Do international SME investment funds kill the rise of local investors?

Do international SME investment funds kill the rise of local investors?

March 2011

Normally I would welcome every new fund that invests in developing country businesses with open arms. After all finance for businesses in developing countries is hard to come by. Especially young businesses with a lack of track record. Or growing businesses that are constantly strapped for cash to fuel their growth. Every new fund is a new source of finance for the very best entrepreneurs who pass through BiD Network.

New SME funds are appearing at a rate of about 1 a month. Wonderful. At the last count BiD Network had a list of 120 funds that invest below the USD 2 million level. We want more! Or do we?

From the perspective of the entrepreneur I believe he/she is better served by an Angel investor, who was once an entrepreneur, who lives not more than 2 hours away. The Angel investor provides not just money – but also brings experience, mentoring and an understanding of the local context. Limited currency risk, no fat legal documents, no rigid formal procedures. This may be a little romanticized, but its not far from the truth.

It’s tough though, there are extremely few Angel investors in developing countries. The Chinese living in Asia and Africa may be the only exception. The wealthy and the upper middle classes will tend to put their money into real estate or land. Investing in an entrepreneur, with two legs that can run away with your money is an alien and scary proposition.

The Challenge is to find the reputable few who will convince the rest that this type of investing is fun and if managed well can generate returns. If done well, by setting up Business Angel Networks we will be seeing the birth of a risk capital market in developing countries. BiD Network’s partners in Argentina (Fundes), Peru (Invertir), Colombia (UniAndes), Indonesia ( have taken on this challenge and are succeeding.

Then … along comes an SME Investment Fund, often funded in or through the west. Hunts out the best deals. Funds the deals. May even convince the wealthy in a country that the fund is a convenient way to park their money for the good of entrepreneurship. This is good and necessary, but there is a downside. The best deals are no longer available for local investors. Investors who understand why SMEs are important and see potential returns are turned lazy, because they don’t have to invest – the fund does it for them. Gone are the incentives for local investors to stand up and build their own investment vehicles and experience. Local risk capital initiative has no incentive to get started.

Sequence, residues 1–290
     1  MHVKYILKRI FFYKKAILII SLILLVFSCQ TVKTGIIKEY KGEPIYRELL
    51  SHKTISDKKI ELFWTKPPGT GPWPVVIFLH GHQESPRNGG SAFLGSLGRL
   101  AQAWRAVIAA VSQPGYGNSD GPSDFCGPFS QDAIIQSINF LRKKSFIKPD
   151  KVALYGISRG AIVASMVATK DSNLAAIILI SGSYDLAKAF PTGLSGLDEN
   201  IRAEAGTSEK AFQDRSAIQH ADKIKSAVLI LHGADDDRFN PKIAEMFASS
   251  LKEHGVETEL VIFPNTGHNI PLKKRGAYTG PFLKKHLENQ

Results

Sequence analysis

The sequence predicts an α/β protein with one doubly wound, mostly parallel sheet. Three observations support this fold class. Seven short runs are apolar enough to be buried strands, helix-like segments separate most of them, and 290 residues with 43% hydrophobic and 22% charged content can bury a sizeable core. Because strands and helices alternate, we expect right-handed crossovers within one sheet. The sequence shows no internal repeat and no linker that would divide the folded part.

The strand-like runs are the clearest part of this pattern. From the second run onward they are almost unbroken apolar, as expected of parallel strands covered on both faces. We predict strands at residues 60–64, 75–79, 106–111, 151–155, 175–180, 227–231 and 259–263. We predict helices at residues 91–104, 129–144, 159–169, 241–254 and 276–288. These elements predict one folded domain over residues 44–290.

Is this a problem? Yes it is. Local risk capital players are as badly needed as the very SMEs we would like to see growing. It is a simple equation of local supply and local demand. Foreigners aren’t needed for the organic growth of businesses.

Is there a solution? Yes. We need more matching funds and sidecar funds. These funds will co-invest with other investors. An investor does 50%, the fund then matches this and does the other 50%. The side-car fund Example will follow the investment made by an angel investor, or a group of angels. It may even be taken a step further to incentivise local banks to finance SMEs. If the criteria are met a matching fund could put in equity to prop a young business’s balance sheet – making it more attractive to banks to provide a loan.

In Indonesia for example, banks are required by law to lend 20% of their assets to SMEs. Do they? No. The banks require more than 100% collateral – so it is no wonder that SMEs won’t borrow. An interesting option though is to set up a fund under the banks. In a separate entity if need be. The 20% bank assets not lent at the end of the year are placed in the fund. The fund can then provide equity or other forms of finance to the SMEs, matching this with Angel money, or even with loans of the very same bank. Finally local investors and local banks have an incentive to let their money flow.

So the question to SME Fund managers is: are you displacing local investors? Can you change your investment practices to actually incentivize the rich in a country to put in some of their own money? Give it a try! You may discover that your money can be stretched a lot further and you suddenly have a network of entrepreneurial angels who may know the market better than you do.

I may be wrong, but the roles may turn. Foreign investors may find themselves queuing up at the airport having to wait for their turn. It’s time for emerging markets to emerge.

Thierry Sanders Jakarta, Indonesia